My Kid Could Paint That

10 10 2008

My Kid Could Paint That is a multi-layered documentary centering around Marla Olmstead, a four year old painter who is hailed as a child prodigy by abstract art lovers the whole world over. The film also details her rise and fall from fame and deals with the mainstream public’s apparent disdain for abstract art. Amir Bar-Lev, the director, also skillfully sets the film’s pacing to ensure that Marla’s story is told as naturally as possible. By withholding most of the footage of the media’s scathing criticisms of Marla’s art until roughly halfway through the film, he sends the viewer to ride the rollercoaster of fame right along with the family. However, the main question of the film is implied fairly early: Did Marla actually paint the paintings?

The story, as told by her parents, is that Marla took an interest in painting on her own volition and began creating masterpieces almost instantly after finding her father’s painting supplies lying around the house. According to Laura, her mother, they decided to show some of her work at a local coffee house “as a joke,” which soon after snowballed into major galleries, press coverage, and of course sales. As media attention grew to epic proportions, Marla of course remained blissfully unaware of what was happening all around her. However, all of it came crashing down in a period of days after 60 Minutes aired a piece which proclaimed in no uncertain terms that Marla was not the true creator of the paintings.

On the issue of the legitimacy of the paintings, there seems to be an abundance of evidence pointing to the conclusion that someone else, most likely her father, created the works and not Marla; the paintings themselves being the most obvious proof of all. Out of all the paintings that have been sold, adding up to over $300,000 in revenue, only two were ever documented from start to finish and bear no resemblance whatsoever to the others. Although they’re all basically paint haphazardly splashed onto canvas, the two that were captured on film are only the mediocre efforts of a 4 year old girl, while the other works have a certain maturity and convey broader intellectual concepts that spark the imagination. Additionally, Marla seemed to have virtually no interest in painting and had to be aggressively coached into doing so. To this point, the highlight of the film is when she asks her father to help her paint which throws him into an insane rant where he tries to extricate himself from having ever been involved in any of her work. It’s at this point that even the director questions if he can continue to remain unbiased during the making of the film.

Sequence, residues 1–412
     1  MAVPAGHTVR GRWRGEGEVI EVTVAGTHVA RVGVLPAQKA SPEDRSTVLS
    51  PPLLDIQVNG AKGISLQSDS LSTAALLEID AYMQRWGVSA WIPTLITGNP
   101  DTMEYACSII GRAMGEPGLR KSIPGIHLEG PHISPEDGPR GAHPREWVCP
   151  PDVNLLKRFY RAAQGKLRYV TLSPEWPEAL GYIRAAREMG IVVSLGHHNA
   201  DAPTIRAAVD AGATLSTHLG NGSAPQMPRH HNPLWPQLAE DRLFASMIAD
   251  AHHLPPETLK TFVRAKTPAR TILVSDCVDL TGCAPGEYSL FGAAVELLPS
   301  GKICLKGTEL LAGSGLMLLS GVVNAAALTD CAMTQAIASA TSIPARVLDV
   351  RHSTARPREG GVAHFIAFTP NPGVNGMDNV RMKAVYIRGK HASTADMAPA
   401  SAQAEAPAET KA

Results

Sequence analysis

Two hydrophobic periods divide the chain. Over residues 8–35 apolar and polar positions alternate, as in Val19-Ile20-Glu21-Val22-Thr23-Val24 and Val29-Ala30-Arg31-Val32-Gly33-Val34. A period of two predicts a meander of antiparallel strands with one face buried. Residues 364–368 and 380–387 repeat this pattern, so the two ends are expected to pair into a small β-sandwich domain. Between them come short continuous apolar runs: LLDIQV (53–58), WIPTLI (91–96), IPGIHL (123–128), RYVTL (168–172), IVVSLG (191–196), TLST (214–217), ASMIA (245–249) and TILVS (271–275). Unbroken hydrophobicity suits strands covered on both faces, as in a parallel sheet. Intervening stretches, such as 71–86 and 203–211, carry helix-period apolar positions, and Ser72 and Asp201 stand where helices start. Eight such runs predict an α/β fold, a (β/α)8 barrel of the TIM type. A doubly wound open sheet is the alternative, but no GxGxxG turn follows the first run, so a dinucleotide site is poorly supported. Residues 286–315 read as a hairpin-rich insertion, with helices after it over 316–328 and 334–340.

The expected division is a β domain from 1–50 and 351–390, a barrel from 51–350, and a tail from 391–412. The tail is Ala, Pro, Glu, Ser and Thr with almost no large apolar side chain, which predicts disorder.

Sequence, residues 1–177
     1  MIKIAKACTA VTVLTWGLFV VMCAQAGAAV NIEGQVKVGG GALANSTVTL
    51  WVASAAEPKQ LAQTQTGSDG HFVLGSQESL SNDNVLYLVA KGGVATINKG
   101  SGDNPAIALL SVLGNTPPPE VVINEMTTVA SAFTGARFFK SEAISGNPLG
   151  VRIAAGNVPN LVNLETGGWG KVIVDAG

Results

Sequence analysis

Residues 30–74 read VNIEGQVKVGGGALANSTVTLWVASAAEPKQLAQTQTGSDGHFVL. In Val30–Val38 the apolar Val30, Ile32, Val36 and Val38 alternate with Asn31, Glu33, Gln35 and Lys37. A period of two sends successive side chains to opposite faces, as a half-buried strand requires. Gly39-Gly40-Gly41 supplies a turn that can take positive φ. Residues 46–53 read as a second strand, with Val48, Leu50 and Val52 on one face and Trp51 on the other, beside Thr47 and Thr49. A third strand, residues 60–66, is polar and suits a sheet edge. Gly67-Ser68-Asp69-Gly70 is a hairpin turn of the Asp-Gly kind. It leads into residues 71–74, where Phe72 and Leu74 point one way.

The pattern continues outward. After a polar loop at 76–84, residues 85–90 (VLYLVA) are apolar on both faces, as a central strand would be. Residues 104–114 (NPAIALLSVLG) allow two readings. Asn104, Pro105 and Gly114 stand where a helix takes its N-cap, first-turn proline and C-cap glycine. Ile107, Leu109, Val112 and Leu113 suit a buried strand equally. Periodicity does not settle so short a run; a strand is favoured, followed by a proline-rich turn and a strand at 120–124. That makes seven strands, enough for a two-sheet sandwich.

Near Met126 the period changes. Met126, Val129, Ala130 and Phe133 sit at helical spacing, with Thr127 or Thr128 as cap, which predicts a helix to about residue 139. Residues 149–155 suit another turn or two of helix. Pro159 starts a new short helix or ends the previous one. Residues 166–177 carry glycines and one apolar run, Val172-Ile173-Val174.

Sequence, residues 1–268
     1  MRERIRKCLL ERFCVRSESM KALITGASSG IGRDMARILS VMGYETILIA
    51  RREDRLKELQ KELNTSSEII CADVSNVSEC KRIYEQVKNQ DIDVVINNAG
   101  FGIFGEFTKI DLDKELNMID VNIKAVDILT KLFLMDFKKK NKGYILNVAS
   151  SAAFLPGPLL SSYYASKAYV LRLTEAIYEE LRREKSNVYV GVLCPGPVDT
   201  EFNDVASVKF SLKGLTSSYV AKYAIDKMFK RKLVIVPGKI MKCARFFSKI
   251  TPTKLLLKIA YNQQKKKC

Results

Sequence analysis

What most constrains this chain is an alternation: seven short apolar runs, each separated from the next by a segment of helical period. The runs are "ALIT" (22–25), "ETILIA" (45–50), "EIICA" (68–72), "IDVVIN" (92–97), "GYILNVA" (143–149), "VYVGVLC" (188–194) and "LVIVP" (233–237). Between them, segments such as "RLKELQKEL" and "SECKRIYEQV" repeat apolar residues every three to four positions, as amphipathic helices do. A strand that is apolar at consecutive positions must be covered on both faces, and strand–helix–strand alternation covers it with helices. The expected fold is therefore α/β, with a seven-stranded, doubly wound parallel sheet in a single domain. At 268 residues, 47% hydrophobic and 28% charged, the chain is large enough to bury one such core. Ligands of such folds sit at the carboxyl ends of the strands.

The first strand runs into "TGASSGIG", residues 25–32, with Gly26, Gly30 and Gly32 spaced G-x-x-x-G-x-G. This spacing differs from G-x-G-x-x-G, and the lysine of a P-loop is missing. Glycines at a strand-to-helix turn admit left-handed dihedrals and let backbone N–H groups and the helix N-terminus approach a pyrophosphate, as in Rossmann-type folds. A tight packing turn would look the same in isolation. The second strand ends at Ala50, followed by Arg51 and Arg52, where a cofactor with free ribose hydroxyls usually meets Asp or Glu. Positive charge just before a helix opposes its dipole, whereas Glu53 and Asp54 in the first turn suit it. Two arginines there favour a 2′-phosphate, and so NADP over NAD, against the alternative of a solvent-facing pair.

My Kid Could Paint That is sure to be an enjoyable film regardless of your interest level in abstract art. Aside from the main story line, it’s also an insightful and entertaining look into society’s obsession with child prodigies, the brevity of fame, and family values.

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One response

15 10 2008
MIzziw

Marla’s soul comes out in her paintings. She has a young soul and therefore you should expect her paintings to express that. I have followed her career with a great deal of interest. I find it very revealing that the real profit from her activities have gone to the very people and organizations which have attempted to question her abilities. The illusion of some sort of scam transfers the profits from Marla to the persons who might allude to a scam or fraud.

Being an artist myself, I can attest to the fact that an artist must be true to ones self, not those around them or those who might suggest their lack of skill or a different idea about there work. If Marla’s parents had any clout at all they would have used a different set of responses to turn marla’s career to a more positive outcome. Believe what you will but I choose to suggest that there is real talent in her paintings.

Mizziw

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